The Road Winds Ever Onwards

Long And Winding Road

The first time I had a terrible failure at work was a few months into my first job. I hadn’t checked the information I was given, we imported some code into the development environment on a faulty assumption, and it caused an error that couldn’t be fixed without rebuilding the whole environment from a back-up. The last back-up was taken a few days previously. That’s a lot of work when you have a whole team working in the environment. My manager was not pleased, to say the least.

Then there was the time, a few years on, when the component I was supposed to be working on with the lead from another team crashed and burned during the initial testing. I hadn’t been able to get a solid block of time with the team lead, and it didn’t help that we were in different cities. Because we were too busy with other work to put aside a whole day when everyone was available to test the component, we relied on it being built to design, and on the design being correct. Needless to say, it was neither. When you have many moving parts and a lot of things being done under the covers, there’s a million ways for it to screw up. During our troubleshooting, it felt like we hit every single one.

Of course, there were the small, silly failures in between. For example, the time when one manager told me to put all the files into separate folders, which I did. Unfortunately, he meant physical folders. My nicely arranged folders on my computer did us no good when we got to the client site and had no access to the internet or to any of the printers.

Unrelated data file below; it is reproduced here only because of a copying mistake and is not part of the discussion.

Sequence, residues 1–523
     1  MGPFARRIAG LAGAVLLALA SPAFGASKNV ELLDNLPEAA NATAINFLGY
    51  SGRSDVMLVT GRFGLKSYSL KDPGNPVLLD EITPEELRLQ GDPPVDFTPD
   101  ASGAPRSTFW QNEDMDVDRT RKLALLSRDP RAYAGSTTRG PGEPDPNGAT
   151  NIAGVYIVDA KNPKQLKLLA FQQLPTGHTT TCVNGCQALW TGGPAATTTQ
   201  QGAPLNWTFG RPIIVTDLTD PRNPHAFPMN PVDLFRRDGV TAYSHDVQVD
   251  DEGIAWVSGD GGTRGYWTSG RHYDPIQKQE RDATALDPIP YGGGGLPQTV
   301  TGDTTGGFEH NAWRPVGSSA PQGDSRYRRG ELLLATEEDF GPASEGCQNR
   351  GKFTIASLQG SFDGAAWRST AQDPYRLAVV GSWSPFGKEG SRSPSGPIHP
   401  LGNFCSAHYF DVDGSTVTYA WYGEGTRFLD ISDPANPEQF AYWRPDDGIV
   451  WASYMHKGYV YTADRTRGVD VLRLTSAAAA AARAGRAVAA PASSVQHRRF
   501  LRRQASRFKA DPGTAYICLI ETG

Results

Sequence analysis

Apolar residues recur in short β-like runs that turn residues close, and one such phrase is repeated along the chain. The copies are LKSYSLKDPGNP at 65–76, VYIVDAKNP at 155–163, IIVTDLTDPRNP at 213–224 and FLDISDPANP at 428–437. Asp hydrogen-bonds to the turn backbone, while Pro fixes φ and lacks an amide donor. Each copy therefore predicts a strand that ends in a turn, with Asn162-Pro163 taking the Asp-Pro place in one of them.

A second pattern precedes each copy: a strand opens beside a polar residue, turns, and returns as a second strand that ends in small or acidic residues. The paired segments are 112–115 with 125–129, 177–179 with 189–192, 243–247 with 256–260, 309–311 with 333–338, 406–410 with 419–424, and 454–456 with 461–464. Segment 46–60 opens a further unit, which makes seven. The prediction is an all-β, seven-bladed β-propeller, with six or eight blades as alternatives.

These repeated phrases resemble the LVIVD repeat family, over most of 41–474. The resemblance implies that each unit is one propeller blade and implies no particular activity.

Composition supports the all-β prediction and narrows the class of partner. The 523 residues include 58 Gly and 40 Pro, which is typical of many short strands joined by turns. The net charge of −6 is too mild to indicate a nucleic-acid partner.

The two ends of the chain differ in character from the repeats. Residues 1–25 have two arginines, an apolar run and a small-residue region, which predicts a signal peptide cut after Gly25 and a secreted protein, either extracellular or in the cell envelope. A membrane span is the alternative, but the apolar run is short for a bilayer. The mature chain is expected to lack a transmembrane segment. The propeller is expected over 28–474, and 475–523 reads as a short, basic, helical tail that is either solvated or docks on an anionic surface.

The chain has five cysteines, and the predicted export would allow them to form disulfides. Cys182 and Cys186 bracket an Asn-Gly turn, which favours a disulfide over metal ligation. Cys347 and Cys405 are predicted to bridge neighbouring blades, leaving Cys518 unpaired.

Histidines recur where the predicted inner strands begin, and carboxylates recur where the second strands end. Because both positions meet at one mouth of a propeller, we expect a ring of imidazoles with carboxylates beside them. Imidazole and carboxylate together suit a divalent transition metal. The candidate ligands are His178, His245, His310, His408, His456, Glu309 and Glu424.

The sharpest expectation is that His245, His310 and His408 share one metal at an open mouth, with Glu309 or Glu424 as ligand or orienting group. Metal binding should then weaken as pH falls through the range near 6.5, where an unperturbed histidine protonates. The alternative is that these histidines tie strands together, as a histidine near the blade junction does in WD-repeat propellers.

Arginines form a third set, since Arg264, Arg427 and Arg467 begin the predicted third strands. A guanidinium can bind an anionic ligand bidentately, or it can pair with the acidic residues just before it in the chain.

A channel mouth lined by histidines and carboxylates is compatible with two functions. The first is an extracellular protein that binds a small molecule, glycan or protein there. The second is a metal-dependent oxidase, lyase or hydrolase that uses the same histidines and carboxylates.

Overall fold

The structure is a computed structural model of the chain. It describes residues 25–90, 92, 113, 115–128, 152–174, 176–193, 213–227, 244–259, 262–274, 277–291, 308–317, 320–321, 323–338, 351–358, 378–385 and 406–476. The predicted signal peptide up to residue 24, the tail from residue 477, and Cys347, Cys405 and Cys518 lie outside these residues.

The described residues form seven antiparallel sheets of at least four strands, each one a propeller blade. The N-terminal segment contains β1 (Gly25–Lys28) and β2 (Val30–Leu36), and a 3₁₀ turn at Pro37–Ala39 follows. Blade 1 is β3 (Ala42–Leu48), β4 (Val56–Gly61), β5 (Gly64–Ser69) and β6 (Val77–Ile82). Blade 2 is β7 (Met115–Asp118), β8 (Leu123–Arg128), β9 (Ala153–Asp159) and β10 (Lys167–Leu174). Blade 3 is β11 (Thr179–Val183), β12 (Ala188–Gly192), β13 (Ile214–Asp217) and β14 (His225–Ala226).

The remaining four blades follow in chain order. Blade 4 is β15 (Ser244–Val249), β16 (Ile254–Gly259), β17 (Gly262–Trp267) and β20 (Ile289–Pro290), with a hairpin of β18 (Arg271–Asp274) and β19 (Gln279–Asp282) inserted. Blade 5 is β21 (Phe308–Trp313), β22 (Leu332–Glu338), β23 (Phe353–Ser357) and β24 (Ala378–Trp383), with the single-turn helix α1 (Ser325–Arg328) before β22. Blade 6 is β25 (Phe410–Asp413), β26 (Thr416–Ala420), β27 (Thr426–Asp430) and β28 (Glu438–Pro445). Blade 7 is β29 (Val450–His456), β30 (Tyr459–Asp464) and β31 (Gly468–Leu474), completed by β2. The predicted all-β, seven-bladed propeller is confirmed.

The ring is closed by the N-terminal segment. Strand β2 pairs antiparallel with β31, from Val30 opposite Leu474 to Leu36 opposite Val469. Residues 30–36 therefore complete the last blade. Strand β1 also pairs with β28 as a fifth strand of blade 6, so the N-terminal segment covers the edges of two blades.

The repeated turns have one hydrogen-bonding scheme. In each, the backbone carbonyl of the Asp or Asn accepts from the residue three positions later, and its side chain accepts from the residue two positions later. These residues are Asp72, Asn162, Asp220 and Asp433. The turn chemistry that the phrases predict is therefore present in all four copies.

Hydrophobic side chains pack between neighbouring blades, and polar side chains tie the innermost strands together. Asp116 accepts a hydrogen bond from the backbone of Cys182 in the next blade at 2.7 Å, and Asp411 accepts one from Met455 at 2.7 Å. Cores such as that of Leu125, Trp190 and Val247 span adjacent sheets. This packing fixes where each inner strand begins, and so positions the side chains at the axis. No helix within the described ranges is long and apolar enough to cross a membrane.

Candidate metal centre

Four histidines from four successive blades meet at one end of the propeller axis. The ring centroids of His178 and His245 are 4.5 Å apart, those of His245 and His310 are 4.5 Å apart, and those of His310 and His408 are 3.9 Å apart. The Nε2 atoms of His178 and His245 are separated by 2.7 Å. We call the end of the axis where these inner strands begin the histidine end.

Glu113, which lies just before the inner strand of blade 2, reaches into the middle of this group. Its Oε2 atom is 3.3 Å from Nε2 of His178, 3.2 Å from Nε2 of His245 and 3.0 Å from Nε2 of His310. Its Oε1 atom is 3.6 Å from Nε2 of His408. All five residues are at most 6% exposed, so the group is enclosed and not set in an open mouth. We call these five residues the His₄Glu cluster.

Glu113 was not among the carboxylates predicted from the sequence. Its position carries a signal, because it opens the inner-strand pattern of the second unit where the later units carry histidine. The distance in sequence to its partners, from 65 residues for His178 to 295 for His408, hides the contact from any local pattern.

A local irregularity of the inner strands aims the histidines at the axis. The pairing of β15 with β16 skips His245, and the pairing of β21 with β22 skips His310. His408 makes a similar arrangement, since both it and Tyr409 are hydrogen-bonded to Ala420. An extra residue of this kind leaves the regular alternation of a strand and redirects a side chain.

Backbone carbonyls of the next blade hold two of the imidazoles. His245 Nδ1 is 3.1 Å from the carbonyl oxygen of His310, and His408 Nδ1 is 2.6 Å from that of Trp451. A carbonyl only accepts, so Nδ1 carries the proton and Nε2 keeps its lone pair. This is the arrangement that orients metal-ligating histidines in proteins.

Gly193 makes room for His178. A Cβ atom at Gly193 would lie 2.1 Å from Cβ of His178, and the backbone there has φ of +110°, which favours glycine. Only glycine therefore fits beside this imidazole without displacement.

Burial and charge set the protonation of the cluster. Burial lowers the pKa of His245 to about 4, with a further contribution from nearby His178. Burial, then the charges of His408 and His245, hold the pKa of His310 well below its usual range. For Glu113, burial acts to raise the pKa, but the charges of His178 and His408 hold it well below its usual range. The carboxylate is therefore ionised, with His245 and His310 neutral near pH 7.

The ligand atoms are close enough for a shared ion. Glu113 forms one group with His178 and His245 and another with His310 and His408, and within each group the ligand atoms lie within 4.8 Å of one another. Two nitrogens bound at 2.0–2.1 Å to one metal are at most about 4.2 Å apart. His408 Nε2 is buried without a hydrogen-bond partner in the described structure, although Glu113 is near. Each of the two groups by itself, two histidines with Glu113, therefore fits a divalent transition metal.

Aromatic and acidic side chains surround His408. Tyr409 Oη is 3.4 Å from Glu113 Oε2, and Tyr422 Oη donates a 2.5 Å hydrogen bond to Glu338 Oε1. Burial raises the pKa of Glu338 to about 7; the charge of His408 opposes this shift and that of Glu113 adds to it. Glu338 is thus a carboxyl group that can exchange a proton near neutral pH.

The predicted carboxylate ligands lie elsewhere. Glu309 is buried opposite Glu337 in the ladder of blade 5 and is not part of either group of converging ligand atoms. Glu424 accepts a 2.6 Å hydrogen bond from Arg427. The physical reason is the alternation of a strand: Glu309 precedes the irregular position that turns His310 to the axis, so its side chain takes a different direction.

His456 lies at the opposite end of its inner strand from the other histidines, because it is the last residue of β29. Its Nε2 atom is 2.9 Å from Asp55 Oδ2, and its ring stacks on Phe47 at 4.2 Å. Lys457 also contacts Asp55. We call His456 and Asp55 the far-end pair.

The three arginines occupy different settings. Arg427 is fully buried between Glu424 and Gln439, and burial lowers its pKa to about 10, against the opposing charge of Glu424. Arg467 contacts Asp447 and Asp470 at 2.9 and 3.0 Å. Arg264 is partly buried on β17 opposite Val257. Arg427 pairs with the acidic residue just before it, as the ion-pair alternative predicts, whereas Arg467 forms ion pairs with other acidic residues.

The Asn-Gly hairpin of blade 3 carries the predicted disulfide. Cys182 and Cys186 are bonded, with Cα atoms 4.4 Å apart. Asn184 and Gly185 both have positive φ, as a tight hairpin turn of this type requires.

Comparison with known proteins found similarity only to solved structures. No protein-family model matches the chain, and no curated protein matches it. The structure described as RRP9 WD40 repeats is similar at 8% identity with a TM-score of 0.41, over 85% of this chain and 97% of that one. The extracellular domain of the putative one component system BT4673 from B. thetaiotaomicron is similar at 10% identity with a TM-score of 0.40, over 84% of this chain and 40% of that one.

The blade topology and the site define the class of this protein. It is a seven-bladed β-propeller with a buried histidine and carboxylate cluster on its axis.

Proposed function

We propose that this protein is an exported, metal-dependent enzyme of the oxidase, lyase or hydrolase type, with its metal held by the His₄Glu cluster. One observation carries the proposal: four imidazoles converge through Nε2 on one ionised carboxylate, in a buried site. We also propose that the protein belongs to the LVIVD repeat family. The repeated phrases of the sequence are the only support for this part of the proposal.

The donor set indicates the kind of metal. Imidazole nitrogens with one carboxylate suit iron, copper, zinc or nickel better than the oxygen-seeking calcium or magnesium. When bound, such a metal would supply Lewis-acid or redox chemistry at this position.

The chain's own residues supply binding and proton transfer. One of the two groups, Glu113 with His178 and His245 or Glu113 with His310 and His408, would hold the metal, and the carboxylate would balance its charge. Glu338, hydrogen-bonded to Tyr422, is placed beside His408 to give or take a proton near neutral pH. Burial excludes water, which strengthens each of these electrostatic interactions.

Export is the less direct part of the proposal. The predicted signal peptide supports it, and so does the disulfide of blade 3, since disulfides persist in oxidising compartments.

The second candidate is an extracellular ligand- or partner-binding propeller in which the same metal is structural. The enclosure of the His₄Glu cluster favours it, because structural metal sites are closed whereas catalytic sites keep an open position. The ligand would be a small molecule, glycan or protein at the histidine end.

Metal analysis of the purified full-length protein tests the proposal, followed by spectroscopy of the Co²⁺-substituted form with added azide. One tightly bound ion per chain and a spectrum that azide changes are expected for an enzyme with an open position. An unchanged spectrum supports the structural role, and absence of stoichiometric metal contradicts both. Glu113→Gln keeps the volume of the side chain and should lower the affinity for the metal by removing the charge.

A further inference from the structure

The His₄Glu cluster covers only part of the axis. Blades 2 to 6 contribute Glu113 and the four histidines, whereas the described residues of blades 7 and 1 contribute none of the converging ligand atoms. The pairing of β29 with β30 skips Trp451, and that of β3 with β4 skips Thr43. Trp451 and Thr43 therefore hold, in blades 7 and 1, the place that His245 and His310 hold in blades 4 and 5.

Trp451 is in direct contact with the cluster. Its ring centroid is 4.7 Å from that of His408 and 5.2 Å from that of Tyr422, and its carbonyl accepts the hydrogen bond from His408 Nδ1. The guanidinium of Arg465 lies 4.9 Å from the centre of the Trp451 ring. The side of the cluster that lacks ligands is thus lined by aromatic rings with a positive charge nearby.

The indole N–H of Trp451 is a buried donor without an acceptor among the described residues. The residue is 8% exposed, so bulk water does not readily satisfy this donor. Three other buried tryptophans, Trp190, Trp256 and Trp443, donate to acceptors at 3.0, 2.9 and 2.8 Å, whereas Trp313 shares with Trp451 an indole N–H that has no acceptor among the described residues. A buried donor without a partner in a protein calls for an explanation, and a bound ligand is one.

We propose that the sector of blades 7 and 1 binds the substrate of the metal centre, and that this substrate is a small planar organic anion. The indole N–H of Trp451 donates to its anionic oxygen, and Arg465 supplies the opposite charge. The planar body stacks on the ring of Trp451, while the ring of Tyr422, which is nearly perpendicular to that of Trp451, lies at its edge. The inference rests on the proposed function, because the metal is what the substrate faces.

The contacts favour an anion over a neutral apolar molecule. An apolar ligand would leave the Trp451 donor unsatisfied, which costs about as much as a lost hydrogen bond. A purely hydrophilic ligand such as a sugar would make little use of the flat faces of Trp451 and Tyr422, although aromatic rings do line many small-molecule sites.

There are times I think it’s a miracle I ever got promoted.

But clichéd as it is, failure really does help us learn. It’s scant comfort to someone like me who utterly dreads it, but it’s true. These days, I double-check all information I get from other people. I always, always assume that when multiple systems (or people!) need to work together, something will invariably be overlooked. And when someone tells me to do something? I repeat it back to them to make sure I understood exactly what they were asking for.

I’ve been slowly trying to accept that the same thing will happen with my writing. I’m going to bomb out and fail spectacularly. I’m going to have to cut my losses and shelve things I’ve spent years working on.

Even now, the novel I finished in the past year (yes, it took me almost a year to get it out) is gasping for air. My wonderful alpha readers have very clearly pointed out that it lacks conflict and focus, as there’s no definitive big bad. Some things can’t be fixed with a few new scenes and updated chapters. They can only be repaired by gutting the novel and reworking it mostly from scratch.

Yes, I’m frustrated. My novels aren’t saleable, and neither are the short stories I’ve written in between. The failures continue to pile up, and it feels like the past 4 to 5 years has been spent focused on writing for naught.

But that’s part of the experience. Much like my failure of a second novel, a journey is considerably less satisfying, and doesn’t mean as much, if there isn’t any conflict. It’s about throwing yourself that that unbreachable wall time and time again, falling, stumbling, battered and bruised, until you see the smallest of cracks… and then keep on going. It’s about feeling weighed down by the unending darkness, but continuing to trudge onwards.

I’m still trudging, one small, painful step at a time. I’m still facing doubt, and fear, and worry. I’m still wondering if anything will ever come of it, and resigning myself to keep on walking even if nothing does. But persist I will. If I ever see the light, well, it will mean that much more for all that I’ve been through.

Leanne Yong is an aspiring Aussie author who is working on her second young adult novel. Check out her blog at Clouded Memories for more information and a journal chronicling her latest foray into novel writing.

Photo by Karah Levely-Rinaldi, via Flickr


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